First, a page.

So when the Bears advanced to Super Bowl XLI under the leadership of Brian Urlacher, and the Packers began to load up around Favre's heir apparent, Aaron Rodgers, in 2008, the promise of a legendary showdown between the two teams became more than just a pipe dream for football purists. It became one of the underrated "what ifs" of the last five years:

What if the Bears and Packers met in the playoffs? Would it supplant Dallas and Washington as the marquee rivalry in the NFC? Could these two teams find their way into a Conference Championship Game against one another?

Then Jay Cutler arrived in Chicago, and the bar was raised a little higher.

Let it be known that I prefer rivalries between players more than I do rivalries between teams. Team grudges have the luxury of going on for as long as the two teams are in existence.

Unless the world implodes tomorrow, you'll have Duke/UNC, Red Sox/Yankees, Celtics/Lakers and Bears/Packers for a long, long time. Those franchises aren't going anywhere, and all it takes is a new collection of standout players to reignite the feud.

Player rivalries, though—that to me heightens the suspense to unparalleled levels. The career of any athlete is finite; you have only been given so many years to ply your trade before time takes it away.

When you have two players, preferably important leaders on the field (like, say, quarterbacks), and you set them up to stand in opposition to one another in the same division, or even the same conference...that's when special things start to happen.

The window of a Brady-Manning type rivalry is ever so short, which is why watching the start of one is so special for a fan of the game. When Jay Cutler arrived in Chicago, we had two historic franchises fielding two of the game's premier young quarterbacks, on two of the NFC's best teams.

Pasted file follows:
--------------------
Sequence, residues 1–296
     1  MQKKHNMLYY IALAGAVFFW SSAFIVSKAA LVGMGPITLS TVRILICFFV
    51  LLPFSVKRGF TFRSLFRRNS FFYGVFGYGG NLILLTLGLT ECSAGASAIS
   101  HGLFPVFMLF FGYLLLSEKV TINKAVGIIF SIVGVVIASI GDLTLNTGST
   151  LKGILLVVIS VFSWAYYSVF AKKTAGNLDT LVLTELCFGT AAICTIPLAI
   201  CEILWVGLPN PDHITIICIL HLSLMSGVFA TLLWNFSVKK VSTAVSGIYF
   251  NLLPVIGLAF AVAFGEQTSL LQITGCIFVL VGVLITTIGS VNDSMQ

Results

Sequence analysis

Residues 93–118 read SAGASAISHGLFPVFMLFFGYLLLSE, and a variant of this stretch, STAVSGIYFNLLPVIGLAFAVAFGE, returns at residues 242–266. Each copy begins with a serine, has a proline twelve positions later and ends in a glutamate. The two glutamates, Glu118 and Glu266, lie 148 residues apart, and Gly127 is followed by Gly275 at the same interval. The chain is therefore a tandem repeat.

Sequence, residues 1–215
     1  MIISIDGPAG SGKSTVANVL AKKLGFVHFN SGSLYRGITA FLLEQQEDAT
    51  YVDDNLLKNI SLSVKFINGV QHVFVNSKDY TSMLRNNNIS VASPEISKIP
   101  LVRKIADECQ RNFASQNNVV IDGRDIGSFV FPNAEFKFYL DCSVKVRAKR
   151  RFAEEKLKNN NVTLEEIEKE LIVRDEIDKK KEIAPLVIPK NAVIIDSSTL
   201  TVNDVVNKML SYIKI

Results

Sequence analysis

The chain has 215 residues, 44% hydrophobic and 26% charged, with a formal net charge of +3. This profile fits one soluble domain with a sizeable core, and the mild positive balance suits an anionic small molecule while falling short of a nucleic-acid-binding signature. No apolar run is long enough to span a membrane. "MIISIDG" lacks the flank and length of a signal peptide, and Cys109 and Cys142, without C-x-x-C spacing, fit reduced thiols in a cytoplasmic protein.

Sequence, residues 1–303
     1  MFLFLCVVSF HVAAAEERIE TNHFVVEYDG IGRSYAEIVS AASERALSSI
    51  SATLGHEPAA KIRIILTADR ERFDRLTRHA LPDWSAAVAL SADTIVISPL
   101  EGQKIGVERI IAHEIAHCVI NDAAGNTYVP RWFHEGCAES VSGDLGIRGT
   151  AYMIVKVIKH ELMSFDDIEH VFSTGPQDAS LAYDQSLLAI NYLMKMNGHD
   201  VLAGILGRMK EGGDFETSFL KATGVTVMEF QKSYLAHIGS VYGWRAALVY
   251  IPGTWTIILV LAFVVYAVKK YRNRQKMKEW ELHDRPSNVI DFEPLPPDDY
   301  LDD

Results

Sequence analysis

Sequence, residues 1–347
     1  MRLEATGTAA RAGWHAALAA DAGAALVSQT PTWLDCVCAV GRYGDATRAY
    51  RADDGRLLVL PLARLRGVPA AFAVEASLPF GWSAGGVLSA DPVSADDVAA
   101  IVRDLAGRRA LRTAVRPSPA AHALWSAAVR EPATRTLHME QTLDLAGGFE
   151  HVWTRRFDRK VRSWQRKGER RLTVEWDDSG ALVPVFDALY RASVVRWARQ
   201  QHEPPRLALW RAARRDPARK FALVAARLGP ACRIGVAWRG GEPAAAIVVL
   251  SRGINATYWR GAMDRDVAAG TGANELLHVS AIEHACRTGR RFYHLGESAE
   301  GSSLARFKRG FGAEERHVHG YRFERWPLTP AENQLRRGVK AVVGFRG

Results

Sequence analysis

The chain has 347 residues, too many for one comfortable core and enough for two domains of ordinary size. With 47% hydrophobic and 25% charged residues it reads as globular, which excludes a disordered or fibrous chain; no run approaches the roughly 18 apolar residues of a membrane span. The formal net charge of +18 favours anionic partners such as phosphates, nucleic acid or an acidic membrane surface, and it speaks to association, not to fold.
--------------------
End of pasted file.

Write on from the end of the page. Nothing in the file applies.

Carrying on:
Everything was building up to Sunday's NFC Championship clash.

You had Rodgers, the surgeon whose precision strikes and masterful placement helped annihilate the Atlanta Falcons in the Divisional Round. You had Cutler, the gunslinger whose deep bombs against the upstart Seahawks were almost Madden-esque.

The back-stories were just as intriguing: You had a guy in Green Bay who was trying to step out of the shadow of No. 4. In Chicago, there was a young quarterback who was trying to shake the stigma of being poorly suited for big-time games.

Both Aaron Rodgers and Jay Cutler had something to prove.

Sunday, the stakes couldn't have been higher for both teams—a trip to the Super Bowl, maybe the last until 2013.

The chance to throttle the hated rival, and gain immortality amongst their respected fan bases.

If only the Battle of the Midway, as I had planned to call it, lived up to the hype.

Truth be told, I think our expectations for Sunday's showdown between the Bears and Packers were a little unrealistic. When such a momentous showdown looms with so many subplots, those aforementioned "what if's" often set the bar too high.

I needed a 38-34 shootout to justify the hype, with either Rodgers or Cutler being dragged off the field screaming "it's not over!" towards the victorious opponent. I needed the prospect of Cutler-Rodgers II to keep me excited during the impending lockout.

The game was quite exciting, of course. The Packers couldn't quite put the Bears away, as Chicago finally started to come alive at the end. Unheralded stars and young rookies elevated themselves to the significance of the moment, and the decision was still in doubt with a minute to go as Chicago marched toward the tying score.

Just one problem: It was the wrong quarterback playing for the Bears.